Victor Marie Hugo (1802-1885) was a French poet, novelist, and playwright. In his very famous novel Les Miserables, French poet Victor Marie Hugo portrays the life of the less fortunate. One of the characters in this book is Fantine, the mother of Cossette, who, in order to support herself and her daughter turns to the only mode of bringing in greater sums of money for women at the time, prostitution.
Alexandre Dumas’ first novel, Camille, is about a courtesan who sacrifices her happiness for her lover’s good. Camille was based on an affair Alexandre had with Marie Duplessis when he was only twenty-one. He described his camellia lady as “one of the last of those rare courtesans who had a heart”. The story was finally immortalized by Giuseppe Verdi in his famous opera La Traviata.

United States

On of the most moving moments in the book The Catcher in the Rye, written by Salinger, is the one describing Holden Caulfield’s encounter with Sunny, a young prostitute girl in a green dress. On seeing she is so young and how innocent she looks, Holden gets extremely depressed. Therefore, Holden lies to Sunny that he just had an operation on his spinal cord and he does not feel like having sex with her. In the end, Holden lets her go and pays five dollars to her while she asks for ten.


Painter Antonio Berni is well-known for two of his stock characters: Juanito Laguna and Ramona Montiel. Ramona Montiel, a very poor girl who grew up in the slums and who later turned to prostitution, is depicted in many of Berni’s works.

Women of ill repute in Rock Music

The hit song “Roxanne” by the rock band The Police was written about a prostitute in Paris. Police lead singer Sting wrote the song, inspired by the prostitutes he saw near the band’s seedy hotel while in Paris, France in October 1977 to perform at the Nashville Club. The name of the song, Roxanne, comes from the name of the character in the play Cyrano de Bergerac, an old poster of which was hanging in the hotel foyer.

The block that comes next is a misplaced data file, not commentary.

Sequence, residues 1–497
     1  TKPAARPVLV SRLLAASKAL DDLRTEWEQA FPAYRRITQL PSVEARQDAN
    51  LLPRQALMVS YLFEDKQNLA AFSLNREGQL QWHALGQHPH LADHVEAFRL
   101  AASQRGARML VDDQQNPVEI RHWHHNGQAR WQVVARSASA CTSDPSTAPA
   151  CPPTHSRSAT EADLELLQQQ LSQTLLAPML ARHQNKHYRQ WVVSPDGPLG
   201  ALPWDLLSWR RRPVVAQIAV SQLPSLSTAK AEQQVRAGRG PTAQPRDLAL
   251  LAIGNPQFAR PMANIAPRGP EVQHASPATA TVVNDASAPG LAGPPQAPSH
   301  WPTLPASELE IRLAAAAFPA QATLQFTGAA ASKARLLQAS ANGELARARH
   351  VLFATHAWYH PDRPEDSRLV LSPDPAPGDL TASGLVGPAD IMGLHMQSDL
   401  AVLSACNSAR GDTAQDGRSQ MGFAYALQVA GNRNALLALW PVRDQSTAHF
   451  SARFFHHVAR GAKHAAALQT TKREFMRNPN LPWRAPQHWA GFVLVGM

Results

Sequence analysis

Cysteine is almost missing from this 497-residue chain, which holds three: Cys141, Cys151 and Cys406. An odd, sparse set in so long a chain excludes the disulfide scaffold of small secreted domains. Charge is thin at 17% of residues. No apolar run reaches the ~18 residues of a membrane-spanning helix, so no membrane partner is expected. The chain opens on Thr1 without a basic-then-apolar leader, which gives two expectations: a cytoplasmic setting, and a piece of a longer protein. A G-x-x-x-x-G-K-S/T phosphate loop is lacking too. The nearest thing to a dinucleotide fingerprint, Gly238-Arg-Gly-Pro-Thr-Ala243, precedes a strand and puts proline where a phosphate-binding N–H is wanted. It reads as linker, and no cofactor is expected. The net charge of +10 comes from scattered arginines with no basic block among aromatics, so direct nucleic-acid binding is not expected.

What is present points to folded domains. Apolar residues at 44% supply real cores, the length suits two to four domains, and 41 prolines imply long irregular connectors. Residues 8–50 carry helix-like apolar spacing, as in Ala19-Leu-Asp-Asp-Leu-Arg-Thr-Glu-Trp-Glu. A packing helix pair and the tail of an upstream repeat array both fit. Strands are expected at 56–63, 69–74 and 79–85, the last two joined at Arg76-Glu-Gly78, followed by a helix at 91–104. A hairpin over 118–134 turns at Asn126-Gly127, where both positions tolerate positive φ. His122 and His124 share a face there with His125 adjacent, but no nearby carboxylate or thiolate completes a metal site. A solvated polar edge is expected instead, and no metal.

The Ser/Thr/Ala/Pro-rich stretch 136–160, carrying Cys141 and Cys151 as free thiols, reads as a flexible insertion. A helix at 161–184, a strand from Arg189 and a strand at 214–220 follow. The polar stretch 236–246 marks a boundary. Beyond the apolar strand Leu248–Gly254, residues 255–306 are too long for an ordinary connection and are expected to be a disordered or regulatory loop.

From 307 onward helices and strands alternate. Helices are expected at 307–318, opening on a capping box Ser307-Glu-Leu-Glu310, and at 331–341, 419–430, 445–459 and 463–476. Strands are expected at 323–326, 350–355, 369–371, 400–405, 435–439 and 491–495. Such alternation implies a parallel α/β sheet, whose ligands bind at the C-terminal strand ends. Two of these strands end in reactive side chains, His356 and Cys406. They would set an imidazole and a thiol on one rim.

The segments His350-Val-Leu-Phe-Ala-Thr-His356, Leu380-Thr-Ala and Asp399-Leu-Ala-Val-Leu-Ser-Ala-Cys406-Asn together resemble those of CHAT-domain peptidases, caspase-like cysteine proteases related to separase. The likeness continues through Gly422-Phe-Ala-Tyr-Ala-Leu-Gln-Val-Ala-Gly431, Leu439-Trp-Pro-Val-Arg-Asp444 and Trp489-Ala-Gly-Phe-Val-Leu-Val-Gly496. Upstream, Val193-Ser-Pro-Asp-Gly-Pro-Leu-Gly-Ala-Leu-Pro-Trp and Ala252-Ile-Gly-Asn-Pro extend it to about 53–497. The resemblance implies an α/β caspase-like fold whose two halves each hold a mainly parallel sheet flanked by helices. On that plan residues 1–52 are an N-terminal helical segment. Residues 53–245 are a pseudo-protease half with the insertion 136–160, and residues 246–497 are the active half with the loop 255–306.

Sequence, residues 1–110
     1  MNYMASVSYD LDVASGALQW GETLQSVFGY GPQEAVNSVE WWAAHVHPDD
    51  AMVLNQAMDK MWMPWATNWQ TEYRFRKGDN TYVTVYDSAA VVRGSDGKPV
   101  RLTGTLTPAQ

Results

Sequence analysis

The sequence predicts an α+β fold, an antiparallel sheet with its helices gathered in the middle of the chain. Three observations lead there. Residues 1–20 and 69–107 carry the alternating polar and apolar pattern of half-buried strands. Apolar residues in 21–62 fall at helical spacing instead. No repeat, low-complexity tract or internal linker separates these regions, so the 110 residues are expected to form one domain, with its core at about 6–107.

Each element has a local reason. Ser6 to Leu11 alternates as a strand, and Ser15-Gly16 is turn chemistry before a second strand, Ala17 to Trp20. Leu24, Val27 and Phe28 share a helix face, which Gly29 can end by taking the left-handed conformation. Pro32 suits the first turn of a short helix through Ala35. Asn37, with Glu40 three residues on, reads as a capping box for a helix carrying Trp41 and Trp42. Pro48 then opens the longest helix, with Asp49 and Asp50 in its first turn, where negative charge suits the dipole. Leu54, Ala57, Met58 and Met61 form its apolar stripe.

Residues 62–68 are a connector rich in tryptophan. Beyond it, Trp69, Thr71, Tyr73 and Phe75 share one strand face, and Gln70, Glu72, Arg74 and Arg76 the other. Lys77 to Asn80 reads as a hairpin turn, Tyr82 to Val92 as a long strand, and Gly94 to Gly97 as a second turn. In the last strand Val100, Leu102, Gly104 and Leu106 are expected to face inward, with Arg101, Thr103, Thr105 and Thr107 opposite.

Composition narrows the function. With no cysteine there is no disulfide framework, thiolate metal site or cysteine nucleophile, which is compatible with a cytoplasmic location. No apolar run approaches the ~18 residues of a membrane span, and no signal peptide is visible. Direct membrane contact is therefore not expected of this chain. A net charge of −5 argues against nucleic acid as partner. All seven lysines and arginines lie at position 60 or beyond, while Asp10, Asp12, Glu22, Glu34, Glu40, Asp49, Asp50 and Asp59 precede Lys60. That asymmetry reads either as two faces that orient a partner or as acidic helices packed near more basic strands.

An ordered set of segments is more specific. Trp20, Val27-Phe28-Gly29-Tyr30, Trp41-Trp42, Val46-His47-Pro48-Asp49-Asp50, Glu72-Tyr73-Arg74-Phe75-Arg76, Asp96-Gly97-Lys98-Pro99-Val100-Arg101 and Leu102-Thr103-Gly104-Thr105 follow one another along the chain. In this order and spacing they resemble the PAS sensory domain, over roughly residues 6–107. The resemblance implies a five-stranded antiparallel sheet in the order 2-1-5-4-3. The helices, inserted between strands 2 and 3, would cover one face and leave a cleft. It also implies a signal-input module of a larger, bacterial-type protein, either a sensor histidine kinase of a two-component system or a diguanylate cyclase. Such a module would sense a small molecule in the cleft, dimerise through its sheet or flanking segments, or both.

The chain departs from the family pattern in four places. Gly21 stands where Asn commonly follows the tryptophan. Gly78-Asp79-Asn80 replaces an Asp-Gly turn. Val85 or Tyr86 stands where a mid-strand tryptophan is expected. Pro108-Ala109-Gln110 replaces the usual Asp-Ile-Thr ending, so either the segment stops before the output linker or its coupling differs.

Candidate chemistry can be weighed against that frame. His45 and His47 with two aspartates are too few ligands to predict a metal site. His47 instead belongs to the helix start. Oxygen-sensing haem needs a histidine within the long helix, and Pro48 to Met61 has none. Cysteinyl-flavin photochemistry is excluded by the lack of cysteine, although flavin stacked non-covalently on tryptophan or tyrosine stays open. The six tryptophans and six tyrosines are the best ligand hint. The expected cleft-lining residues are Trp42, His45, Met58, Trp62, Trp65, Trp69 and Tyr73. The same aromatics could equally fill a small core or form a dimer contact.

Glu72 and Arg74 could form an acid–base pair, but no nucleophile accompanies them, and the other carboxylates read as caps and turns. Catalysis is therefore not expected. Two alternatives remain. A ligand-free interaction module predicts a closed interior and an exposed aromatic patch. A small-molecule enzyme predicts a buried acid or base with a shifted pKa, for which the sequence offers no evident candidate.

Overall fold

“The House of the Rising Sun” is a folk song from the United States whose most successful version was recorded by the English rock group The Animals in 1964. Alan Price of the Animals has claimed that the song was originally a sixteenth-century English folk song about a Soho brothel, and that English emigrants took the song to America where it was adapted to its later New Orleans setting

In 1969 the Beatles recorded “Maggie May”, a traditional Liverpool folk song about a prostitute who robbed a sailor.

Argentine pop-folk music composer León Gieco wrote a song called Love Song for Francisca about a woman who engages in prostitution to raise her daughter. Although the song is about an obscure topic, it contains plenty of visually poweful colourful images (black wine, cinnamon skin, dressed in green, dressed in pink).

From the Library

Courtesan_in_Jade courtesan

Courtesan Courtesan

Courtesans_Boudoir courtesan

Lady_of_the_Night Courtesan

prostitute. easy_virtue

Wench Trollop

trollop trollop

Harlot harlot


harlot Harlot

harlot harlot



Cristina is a discourse analysis researcher and a teacher trainer at the teacher training college. She is currently teaching contemporary History and Literature and English teaching methodology. She has also taught advanced technical English at Kennedy University in Buenos Aires, Argentina. Since 2008 she has been making colour-inspired contributions to this blog as a way to share her love for colour and design.